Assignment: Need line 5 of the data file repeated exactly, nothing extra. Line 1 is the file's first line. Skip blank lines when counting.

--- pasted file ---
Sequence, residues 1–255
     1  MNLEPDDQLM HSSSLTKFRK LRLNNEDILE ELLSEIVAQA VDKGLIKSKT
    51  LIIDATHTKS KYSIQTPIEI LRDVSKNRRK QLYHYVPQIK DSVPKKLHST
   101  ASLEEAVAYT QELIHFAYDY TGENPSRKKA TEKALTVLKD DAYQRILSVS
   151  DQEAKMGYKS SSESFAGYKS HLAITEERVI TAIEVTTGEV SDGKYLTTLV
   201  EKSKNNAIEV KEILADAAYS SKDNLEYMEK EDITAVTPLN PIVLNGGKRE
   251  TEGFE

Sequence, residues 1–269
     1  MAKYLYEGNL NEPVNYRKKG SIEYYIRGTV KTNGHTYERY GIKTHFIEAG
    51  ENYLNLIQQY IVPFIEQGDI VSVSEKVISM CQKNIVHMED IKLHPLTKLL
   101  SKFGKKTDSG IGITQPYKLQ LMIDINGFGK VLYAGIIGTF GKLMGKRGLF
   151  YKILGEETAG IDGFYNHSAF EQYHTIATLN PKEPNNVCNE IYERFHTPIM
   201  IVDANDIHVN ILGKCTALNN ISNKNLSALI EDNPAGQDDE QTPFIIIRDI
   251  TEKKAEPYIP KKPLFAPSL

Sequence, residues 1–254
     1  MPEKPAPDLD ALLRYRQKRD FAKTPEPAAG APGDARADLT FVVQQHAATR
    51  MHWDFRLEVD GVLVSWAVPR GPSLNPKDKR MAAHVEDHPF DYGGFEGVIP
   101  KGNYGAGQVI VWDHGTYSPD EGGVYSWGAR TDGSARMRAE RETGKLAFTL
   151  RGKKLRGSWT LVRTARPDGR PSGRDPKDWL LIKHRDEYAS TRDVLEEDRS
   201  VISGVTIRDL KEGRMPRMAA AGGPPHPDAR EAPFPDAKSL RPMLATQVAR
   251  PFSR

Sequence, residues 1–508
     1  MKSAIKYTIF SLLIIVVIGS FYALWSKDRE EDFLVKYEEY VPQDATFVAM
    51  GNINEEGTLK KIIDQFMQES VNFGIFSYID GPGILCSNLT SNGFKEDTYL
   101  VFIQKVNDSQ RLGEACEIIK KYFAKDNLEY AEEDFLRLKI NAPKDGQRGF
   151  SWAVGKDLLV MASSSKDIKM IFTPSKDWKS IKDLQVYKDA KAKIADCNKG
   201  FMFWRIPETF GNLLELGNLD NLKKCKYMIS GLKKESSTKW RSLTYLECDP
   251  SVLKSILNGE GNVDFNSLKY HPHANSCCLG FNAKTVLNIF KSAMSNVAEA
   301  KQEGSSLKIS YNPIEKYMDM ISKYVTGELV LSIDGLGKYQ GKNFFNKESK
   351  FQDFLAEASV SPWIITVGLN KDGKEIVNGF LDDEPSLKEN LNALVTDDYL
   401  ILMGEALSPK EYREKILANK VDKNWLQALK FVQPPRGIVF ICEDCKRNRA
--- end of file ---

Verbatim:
   151  DQEAKMGYKS SSESFAGYKS HLAITEERVI TAIEVTTGEV SDGKYLTTLV